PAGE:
Ruby and Tonya take roles that define women with in their African American community. Ruby looks back at her youth, when she sang in a jazz band that toured African American cities . Tonya left her youth when she became a teenage mother. Making a home for her daughter has consumed her life, especially during the seven years that King, was in prison. Ruby is constrained by this same community because the secrets that she wants to take to her grave. Tonya is constrained as she sees her daughter repeating the teen-mother role. Surviving and paying the bills is all these women have to look forward to.
Mister and Elmore are hustlers of two generations. Elmore has been extracting a living by tricking people into owning him money. Mister is works the streets to find anyone whom he sees a vulnerable. On the surface, they appear assured in their ability to out-wit and intimidate others. Their insecurity is evident in their need to find the next victim, before someone scams them. But, this identity also constrains them, as they cannot step out of the mind-set of gaming people to conduct a legitimate business.
Stool Pigeon is the fringe person, which every community has. We all know them: the unkempt yard, the recluse, the cat-lady, the night-stalker, et al. In this community, Stool Pigeon’s near psychotic rants take on a religious themes. Wailing, preaching, reciting prophecies, making proclamations are how he interacts with the neighbors. Yet, he sees who they are and what their fates will be. At the same time, the other characters cannot see him beyond his religious persona.
Does race matter? I tried to envision whether this script was inherently linked to the African American community. Must it be cast with African American actors? I tried to envision an Italian American cast… would you end up with View From the Bridge by Arthur Miller? White and Latino youth… would you end up with Westside Story?
This raises the questions of whether ethnically identified plays contain universal themes, or are mainly explorations of the communities which they portray. Does King Hedley II relay themes about individual identify within community affiliation? Do audiences walk away with greater awareness of our own identities and how our own community provide this as well as constrain our options? The same questions should be applied to plays we view as classics: Oedipus Rex, Hamlet, Macbeth, The Importance of Being Earnest. What does Greek or Elizabethan tragedy, or Victoria comic satire have to do with 21st century life? Yet, we go to these plays endlessly, and possibly walk away affected by them.
As I mentioned, as the actors entered the stage, they circled the theatre-in-round looking directly at us in the audience. At intermission, before the actors left the stage, King rages that he will be someone. He does not address this to the other cast members on stage, but looks out at us, yelling at us. Are we the community, the rest of the city, the suburbs, the history of how African American community became isolated in the middle of northern cities, which circle this play?
During the intermission, the question of the length of the play was part of the audience conversation. The play was predicted to be three and a half hours long. We were one and a half hours into it. Could scenes be cut? Could soliloquies be shortened? Could the pace be tightened up? I offered an alternative perspective. The purpose of the interaction was not to advance the plot, but to wear us down. The characters in this community were exhausted by their lives. For a few hours, we would experience that exhaustion. This play was not about ideas but about experience.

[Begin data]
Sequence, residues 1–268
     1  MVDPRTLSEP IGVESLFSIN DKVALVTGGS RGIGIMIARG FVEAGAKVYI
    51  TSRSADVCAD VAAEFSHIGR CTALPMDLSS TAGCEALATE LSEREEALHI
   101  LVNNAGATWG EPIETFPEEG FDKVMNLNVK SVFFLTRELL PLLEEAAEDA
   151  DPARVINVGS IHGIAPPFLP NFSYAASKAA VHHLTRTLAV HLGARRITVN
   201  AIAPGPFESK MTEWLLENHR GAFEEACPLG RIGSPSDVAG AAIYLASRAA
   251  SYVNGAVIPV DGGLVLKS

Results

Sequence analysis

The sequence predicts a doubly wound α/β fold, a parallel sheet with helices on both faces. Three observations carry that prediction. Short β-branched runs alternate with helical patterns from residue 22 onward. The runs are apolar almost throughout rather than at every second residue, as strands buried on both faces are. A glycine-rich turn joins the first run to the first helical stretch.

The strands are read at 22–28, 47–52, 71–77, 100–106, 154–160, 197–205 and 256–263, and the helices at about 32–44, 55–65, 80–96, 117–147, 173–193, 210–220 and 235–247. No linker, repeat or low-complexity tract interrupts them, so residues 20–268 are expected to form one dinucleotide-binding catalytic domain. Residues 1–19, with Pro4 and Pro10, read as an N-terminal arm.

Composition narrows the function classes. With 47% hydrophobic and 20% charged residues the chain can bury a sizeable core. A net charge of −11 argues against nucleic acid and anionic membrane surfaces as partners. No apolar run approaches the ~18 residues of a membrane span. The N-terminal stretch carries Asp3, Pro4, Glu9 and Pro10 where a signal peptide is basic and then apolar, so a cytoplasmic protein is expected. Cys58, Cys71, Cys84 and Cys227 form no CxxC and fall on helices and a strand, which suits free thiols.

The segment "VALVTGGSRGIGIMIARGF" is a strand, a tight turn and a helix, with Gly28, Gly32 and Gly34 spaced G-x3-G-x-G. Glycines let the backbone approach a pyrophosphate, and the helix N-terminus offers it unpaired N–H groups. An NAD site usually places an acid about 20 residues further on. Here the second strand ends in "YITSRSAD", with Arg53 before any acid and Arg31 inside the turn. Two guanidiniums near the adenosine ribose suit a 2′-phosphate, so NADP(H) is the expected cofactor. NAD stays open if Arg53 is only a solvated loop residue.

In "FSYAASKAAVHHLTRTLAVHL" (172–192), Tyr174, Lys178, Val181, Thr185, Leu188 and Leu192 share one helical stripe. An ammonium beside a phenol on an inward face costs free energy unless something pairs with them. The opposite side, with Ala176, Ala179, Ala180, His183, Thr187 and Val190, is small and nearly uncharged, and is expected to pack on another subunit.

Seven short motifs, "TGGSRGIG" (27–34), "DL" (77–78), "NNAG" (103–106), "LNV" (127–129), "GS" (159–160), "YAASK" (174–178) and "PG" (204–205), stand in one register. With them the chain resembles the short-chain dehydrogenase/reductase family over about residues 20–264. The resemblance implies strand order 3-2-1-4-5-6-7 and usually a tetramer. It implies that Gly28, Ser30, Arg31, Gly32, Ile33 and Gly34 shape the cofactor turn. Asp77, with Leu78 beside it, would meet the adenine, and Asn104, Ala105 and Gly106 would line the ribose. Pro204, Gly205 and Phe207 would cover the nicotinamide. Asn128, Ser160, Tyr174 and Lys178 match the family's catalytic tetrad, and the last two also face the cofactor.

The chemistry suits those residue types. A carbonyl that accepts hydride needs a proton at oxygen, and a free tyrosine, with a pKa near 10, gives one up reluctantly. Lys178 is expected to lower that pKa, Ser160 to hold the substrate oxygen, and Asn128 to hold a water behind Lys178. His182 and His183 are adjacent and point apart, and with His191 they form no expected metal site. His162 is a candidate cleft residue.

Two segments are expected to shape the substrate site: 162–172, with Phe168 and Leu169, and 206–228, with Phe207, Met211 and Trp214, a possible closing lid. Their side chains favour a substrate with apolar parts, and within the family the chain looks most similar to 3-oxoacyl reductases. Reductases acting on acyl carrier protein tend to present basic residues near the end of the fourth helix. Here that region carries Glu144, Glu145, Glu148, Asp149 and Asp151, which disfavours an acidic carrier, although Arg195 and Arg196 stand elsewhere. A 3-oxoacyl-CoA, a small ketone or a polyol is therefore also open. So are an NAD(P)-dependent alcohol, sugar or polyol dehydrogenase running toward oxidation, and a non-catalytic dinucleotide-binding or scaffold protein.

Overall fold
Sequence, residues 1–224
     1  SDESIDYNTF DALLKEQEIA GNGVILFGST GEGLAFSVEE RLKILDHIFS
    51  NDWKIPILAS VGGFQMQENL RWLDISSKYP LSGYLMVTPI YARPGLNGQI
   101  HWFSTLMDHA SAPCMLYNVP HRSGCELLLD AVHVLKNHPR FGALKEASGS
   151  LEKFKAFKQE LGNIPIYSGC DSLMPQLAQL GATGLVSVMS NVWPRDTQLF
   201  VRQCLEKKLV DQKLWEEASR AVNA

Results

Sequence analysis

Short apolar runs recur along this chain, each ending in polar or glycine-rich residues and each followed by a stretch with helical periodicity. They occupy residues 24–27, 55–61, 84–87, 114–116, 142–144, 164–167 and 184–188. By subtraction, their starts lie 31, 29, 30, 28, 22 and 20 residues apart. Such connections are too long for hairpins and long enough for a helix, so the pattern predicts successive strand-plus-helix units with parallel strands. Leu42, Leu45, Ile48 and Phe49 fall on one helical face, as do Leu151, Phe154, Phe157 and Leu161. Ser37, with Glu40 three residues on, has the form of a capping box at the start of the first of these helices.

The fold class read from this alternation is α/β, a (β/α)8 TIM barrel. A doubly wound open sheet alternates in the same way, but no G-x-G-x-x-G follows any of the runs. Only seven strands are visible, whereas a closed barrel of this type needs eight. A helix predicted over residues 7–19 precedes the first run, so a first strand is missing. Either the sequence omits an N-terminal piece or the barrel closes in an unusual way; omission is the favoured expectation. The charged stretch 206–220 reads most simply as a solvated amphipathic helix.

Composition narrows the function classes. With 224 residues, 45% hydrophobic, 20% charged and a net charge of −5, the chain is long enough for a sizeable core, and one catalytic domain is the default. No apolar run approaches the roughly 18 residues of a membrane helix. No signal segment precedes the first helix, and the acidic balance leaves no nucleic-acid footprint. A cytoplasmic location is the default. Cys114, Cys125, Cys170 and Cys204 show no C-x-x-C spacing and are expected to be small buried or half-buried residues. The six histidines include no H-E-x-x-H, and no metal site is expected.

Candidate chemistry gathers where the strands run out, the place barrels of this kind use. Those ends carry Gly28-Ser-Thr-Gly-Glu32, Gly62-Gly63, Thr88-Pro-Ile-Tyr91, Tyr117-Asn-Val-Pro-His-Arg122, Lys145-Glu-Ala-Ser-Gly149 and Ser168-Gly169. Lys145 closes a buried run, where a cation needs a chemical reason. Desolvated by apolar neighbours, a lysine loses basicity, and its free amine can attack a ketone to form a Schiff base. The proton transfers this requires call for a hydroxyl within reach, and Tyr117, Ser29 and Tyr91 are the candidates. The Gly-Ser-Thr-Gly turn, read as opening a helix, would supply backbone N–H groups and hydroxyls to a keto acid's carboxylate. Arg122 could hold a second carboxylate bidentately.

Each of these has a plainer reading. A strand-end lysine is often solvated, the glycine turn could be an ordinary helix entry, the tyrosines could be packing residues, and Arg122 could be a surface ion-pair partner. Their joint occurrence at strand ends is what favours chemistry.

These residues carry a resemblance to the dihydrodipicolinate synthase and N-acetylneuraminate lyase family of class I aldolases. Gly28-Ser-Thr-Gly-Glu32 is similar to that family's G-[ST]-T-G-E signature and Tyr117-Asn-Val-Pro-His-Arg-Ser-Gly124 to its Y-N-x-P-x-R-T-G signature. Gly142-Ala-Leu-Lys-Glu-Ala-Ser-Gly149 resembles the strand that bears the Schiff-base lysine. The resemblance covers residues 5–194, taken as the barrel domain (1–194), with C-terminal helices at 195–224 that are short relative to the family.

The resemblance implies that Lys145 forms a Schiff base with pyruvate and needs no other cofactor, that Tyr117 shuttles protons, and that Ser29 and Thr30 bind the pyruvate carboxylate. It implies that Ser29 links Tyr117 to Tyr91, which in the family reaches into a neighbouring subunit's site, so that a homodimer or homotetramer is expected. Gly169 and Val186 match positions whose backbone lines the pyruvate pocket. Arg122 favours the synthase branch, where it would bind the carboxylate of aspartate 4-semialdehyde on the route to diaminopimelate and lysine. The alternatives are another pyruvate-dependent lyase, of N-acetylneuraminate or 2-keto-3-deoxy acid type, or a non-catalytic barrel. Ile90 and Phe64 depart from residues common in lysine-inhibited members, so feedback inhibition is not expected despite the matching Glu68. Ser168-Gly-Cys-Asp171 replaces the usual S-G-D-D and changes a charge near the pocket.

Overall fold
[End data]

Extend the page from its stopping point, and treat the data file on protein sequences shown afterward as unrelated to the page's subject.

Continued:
A second observation about community that I sought was the question about the racial background of the audience. Arena Stage has a history of developing diverse audiences. The majority of us are from educated, European heritage. But, they also select and direct plays that appeal to the African American and Gay communities in Washington, D.C. At our performance, about ¼ of the audience, were African American. This included both couples on either side of us. By their attire and interaction with us, I suspect that we had more in common with each other, regarding education and professional careers, than any of us had with the characters on stage. Yet, they responded at different points of the play from when we did. And, in addition to our style of restrained laughter at selected points of humor, they talked in the style that I have seen in African American churches. Exclamations of agreement and encouragement to the character to “tell it like it is” broke the usual audience decorum.
Back to those Greek, Elizabethan, and Victorian plays, the social community portrayed in those scripts, which are usually royal and gentry classes, have as little to do with the audiences filled with merchant and labor class folks, as did this educated and profession class audience watching a play about inner-city African American folks. What do we walk away with, when the play is not about whom we are? As we left the theatre, walking along the sidewalk to our cars that would return us to our safe neighborhoods, I noticed a tall, African American man, walking by himself, carrying what appeared to be his worldly possessions. He was not part of the audience filing out of the theatre. I wondered was he Stool Pigeon wandering in his inner religious world, King beaten down by the community which waited for him to fail, Mister or Elmore no longer able to hustle his way through life? I wondered what stories he would tell. Our eyes never met. Does race matter?